Sunderland, in rampant form in the League this season, were given some measure of their progress this season - and probably their prospects next - when they were beaten by Premiership opposition. Last week, Blackburn Rovers shunted them out of the FA Cup and Peter Reid's team were beaten 2-1 in the first leg of the Worthington Cup semi-final at home to Leicester on Tuesday.
However, Saxton yesterday issued a warning to the club's promotion rivals: beware of the backlash. "Ever since we went top, every other team in the division wants to beat us. It makes every game a big game," Saxton said. "We were disappointed not to win against Blackburn and Leicester - but we won't let those results bother us."
The Vicarage Road manager, Graham Taylor, sees startling similarities between the league leaders and seventh-placed Watford's zenith in the early 1980s. "Sunderland have team spirit, players who deliver the goods and who know what they're about," Taylor said. "In the 80s at Watford we didn't really have any tricks up our sleeves, but it was stopping us which the opposition found so difficult."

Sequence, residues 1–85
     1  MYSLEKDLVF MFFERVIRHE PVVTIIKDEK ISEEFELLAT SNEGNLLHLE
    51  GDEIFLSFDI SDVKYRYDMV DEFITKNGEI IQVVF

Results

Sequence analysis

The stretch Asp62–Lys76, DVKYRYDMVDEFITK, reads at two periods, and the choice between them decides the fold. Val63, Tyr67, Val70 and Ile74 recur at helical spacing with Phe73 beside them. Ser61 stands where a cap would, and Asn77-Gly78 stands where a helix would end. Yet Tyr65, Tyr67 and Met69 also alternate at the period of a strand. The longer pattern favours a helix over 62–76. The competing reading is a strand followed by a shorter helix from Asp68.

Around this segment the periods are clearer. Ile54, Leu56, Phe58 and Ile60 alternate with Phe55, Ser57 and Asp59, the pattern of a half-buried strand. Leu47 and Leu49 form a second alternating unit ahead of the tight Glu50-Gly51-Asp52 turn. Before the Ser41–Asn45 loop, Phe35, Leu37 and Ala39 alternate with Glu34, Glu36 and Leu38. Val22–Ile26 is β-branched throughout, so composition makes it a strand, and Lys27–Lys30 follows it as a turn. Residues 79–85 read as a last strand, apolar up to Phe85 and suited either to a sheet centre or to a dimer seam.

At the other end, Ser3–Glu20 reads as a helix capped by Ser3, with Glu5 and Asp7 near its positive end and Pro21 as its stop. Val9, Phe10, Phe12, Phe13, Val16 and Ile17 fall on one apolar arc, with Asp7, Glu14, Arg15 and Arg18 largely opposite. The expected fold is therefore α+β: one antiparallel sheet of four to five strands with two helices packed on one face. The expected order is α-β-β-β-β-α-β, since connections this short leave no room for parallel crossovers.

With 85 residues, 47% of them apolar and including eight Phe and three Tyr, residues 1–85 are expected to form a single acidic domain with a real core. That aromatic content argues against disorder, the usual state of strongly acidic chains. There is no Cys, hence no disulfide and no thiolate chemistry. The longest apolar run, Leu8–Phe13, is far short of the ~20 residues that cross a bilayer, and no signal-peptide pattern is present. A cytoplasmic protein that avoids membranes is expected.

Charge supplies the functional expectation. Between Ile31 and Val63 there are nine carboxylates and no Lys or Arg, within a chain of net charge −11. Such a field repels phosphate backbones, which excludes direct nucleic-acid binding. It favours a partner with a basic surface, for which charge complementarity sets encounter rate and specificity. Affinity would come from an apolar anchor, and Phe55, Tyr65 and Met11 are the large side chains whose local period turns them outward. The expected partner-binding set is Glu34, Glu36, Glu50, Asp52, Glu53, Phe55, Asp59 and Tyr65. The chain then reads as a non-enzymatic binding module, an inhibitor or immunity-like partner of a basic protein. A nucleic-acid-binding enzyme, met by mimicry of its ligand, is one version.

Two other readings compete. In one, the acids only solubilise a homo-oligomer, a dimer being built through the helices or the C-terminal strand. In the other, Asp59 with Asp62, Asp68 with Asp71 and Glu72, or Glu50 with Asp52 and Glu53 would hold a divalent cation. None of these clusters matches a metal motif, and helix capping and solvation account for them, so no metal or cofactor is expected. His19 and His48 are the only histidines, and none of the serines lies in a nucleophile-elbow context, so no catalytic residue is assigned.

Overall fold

There will be some nostalgia but little charity at the Reebok Stadium when Bolton play host to Norwich. The Canaries manager, Bruce Rioch, returns to the club he guided into the Premiership in 1995 for the first time at their new stadium, which the former Scottish international helped to design.
"I was consulted when they were designing the stadium, so I should know my way around," Rioch said. "It's my first time back as a manager at the Reebok but I don't feel I've got anything to prove."
Rioch's former assistant, Colin Todd, is concentrated on extending his side's 11-match unbeaten run rather than the return of the Wanderers' prodigal. "That Bruce used to manage this club has no bearing on the match," Todd said. "The issue is that we're playing against a decent team. The ball is the same as it is every other week."
Brian Horton, newly installed at Port Vale, is preparing for his first game in charge, but even after years of experience he admits he could not have asked for a more tricky opening game than the trip to fifth-placed Ipswich. "Training's been good but it's matches that you want to be involved with and I can't wait," said Horton, whose new side are second bottom.
"But that said, I couldn't get a much tougher start. They have been one of the best in the division for two or three years now and George Burley has got a great blend between youth and experience."
There will be another reunion, perhaps less amicable, at The Hawthorns where the former West Bromwich manager, Alan Buckley, returns with Grimsby. He is, understandably, doing his best to diffuse any conflict: "It doesn't matter one bit to me, I'll let them worry about it. All I'm concerned about is the football match."Reuse content